Camper Essential Functions
In order to attend and have a successful experience at Girl Scouts of Maine camps, campers must meet the following essential functions:
- Capable of mainstream in public school system (doesn't require one on one guidance)
- Move independently from place to place
- Effectively interact in a group based on program content
- Be able to meet personal needs (bathing, toileting, dressing, diet, etc)
- Capable self-management of chronic illnesses (i.e. Diabetes, asthma, allergies)
Even adolescent and experienced campers miss family and friends while at camp. Homesickness is normal behavior among both first time and experienced campers, but it usually disappears within the first two days of camp.
Most campers need 2-3 days to adjust to a new routine, new cabin/tent mates and an increase in activity. By Wednesday, when the first camper letter arrives home with the “please come get me now," she is most likely feeling better and having fun.
At this point, you have two choices:
- You can call the camp director to see how she is doing
- Wait a day or two for the follow up letter.
If you call the camp director with concerns, we will update you on your camper’s experience. Every camper misses her family, friends and favorite pet during her stay at summer camp.
Occasionally campers will exhibit signs of atypical homesickness. These signs include needing constant attention, clinging to adults, needing someone by her side to fall asleep, disrupting camp activities, or crying constantly. In these situations the Camp Director will contact the parent/guardian to partner with them and make a plan for the camper, which may involve going home immediately. If you camper is experiencing atypical homesickness, the camp director will immediately initiate a 3-step plan with the camper and staff.
- Step 1: The unit leader will work with the camper and notify the camp director
- Step 2: The camper will write the camp director a letter (if age appropriate) expressing her feelings and the camp director will call the parents/guardians and share the information from the letter with them. The camp director and parent/guardian will partner to create a plan for the camper.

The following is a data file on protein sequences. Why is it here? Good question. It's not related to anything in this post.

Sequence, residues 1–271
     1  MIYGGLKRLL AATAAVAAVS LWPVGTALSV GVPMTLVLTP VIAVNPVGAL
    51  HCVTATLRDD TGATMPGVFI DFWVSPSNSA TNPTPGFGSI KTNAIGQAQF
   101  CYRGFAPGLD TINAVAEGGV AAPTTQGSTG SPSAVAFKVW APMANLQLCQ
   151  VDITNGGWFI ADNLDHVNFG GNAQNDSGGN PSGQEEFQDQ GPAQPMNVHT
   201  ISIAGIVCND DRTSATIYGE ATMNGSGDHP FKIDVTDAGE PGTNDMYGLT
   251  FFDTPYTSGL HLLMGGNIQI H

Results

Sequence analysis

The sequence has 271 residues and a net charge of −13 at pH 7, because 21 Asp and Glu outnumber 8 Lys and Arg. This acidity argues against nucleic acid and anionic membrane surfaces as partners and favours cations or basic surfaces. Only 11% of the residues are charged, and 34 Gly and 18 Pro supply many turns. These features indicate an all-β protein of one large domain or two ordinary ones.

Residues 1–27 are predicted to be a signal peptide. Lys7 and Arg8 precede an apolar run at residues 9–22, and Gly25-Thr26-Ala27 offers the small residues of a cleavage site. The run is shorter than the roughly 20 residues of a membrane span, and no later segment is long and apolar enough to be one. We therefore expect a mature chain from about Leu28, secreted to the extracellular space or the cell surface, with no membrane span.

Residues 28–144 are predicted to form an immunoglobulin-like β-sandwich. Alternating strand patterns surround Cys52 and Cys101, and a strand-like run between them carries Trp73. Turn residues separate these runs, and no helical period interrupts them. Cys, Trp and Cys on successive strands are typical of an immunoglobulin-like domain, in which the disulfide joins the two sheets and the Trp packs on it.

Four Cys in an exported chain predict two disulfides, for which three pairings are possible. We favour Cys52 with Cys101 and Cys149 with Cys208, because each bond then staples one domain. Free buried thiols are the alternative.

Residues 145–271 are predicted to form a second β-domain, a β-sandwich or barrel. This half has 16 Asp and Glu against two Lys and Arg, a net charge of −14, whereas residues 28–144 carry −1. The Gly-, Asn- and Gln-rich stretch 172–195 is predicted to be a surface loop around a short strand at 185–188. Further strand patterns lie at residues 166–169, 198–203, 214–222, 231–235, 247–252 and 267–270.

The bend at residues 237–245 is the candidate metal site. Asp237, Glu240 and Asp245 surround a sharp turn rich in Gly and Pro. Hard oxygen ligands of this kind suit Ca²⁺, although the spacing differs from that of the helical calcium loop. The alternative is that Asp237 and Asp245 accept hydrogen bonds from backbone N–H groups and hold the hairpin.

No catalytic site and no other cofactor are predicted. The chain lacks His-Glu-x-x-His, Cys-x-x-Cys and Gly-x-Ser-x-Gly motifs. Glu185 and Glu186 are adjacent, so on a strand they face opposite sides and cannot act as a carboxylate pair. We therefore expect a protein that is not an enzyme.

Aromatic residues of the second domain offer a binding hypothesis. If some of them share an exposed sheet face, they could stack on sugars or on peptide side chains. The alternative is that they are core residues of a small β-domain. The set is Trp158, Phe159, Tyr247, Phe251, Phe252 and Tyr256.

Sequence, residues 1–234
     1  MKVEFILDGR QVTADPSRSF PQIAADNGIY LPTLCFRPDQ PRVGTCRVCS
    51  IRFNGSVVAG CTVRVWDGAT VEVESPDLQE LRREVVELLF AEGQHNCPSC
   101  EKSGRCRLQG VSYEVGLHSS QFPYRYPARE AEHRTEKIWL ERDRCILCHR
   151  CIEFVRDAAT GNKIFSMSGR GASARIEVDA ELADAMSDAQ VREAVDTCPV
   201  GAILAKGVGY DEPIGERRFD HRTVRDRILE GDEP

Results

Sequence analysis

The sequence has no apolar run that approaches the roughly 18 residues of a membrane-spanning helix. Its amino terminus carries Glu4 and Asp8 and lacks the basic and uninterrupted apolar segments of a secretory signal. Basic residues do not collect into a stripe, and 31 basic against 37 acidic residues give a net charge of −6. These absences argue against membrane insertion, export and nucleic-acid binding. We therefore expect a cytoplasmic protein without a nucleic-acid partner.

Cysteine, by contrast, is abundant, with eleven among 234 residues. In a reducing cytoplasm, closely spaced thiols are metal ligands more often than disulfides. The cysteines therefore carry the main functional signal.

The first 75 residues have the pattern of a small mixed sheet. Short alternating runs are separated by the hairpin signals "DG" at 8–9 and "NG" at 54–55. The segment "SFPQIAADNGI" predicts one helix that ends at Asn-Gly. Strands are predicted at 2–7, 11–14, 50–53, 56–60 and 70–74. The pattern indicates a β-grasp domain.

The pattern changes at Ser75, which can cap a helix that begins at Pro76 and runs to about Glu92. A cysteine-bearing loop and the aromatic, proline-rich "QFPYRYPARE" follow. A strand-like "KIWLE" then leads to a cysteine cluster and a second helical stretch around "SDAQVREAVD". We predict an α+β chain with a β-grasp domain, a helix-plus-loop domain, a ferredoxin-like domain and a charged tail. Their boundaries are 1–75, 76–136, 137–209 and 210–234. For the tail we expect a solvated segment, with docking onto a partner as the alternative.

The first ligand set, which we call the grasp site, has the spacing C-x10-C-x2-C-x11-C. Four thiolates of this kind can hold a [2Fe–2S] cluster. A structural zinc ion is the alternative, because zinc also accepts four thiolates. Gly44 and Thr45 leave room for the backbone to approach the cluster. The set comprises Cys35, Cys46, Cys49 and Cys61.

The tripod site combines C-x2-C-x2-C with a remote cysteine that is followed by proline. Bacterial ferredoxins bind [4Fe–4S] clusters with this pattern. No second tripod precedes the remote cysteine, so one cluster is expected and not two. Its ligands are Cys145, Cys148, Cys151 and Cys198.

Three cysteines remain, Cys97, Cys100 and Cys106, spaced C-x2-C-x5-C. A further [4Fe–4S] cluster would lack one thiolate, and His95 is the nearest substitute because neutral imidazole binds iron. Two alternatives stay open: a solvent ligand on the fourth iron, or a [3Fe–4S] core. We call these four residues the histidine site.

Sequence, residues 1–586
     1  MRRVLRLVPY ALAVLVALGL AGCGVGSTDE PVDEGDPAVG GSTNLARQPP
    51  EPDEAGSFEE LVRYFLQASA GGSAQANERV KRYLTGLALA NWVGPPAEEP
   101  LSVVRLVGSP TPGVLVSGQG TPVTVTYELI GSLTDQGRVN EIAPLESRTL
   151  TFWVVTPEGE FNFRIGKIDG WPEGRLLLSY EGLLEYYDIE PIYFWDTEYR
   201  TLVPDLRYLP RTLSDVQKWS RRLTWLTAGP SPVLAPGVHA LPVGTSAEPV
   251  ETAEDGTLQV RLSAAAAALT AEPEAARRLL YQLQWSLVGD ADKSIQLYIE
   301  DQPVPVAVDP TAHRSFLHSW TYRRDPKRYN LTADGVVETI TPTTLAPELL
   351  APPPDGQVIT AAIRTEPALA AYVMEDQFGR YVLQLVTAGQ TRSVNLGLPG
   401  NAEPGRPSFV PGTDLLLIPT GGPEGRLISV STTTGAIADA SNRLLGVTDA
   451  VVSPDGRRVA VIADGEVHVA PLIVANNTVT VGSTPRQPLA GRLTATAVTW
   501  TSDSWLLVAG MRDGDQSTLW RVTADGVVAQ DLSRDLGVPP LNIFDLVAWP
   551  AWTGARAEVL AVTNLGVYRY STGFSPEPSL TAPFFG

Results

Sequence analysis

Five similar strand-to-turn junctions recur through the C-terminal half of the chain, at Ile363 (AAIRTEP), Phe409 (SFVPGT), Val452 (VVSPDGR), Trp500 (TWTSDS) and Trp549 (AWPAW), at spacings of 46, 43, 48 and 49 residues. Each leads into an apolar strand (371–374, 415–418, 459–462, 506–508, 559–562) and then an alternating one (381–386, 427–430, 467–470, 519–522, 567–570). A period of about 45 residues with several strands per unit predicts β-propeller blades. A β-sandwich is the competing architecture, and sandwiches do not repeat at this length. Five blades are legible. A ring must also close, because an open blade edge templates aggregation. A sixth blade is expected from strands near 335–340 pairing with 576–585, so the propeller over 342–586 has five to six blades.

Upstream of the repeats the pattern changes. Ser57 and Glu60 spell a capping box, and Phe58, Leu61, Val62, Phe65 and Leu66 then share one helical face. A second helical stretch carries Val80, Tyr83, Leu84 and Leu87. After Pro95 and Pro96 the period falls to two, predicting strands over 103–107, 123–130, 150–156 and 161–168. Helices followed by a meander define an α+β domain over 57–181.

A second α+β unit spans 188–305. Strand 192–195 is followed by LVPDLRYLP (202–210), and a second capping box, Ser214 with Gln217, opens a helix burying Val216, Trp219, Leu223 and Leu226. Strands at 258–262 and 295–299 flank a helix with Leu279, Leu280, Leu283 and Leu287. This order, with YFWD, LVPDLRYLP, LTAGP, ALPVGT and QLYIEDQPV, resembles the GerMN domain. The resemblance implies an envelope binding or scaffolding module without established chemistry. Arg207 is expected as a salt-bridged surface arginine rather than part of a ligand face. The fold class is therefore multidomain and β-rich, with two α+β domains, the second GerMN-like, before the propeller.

- Step 3: The camp director will meet with the camper and discuss the plan made with the parents.
One challenge campers and staff have are the promises parents/guardians make to pick up a camper if she is homesick. When a camper hears this promise, she is not as determined to be successful and often gives up at the first sign of homesickness.
We encourage parents/guardians to reassure their campers that they will be successful and they look forward to seeing them on the closing day. Please visit the American Camp Association website at www.campparents.org to learn more about how to help prepare you and your daughter for her stay at camp.
- Send pre-addressed stamped envelopes with young campers, addressed to family and friends. Remember to secure adequate postage.
- Send old clothes they recognize as their own, not a lot of new ones they won’t remember are theirs.
- Leave expensive clothing or other valuable items at home.
- Label everything and pack light.
- Please download and complete all camp forms well in advance. It will save time and frustration at check-in.
- There are more activities at camp than your child will be able to participate in during a one or two week session. If your camper did not do all the activities they wanted, encourage them to look forward to next year.
- Your camper will probably come home tired and may need additional rest after a week or two of high energy activity to which they are not accustomed.
- Wear good shoes at check-in and check-out. Be prepared to walk, no vehicles are permitted in camp.
- Do not let your daughter bring a cell phone to camp, it will be confiscated.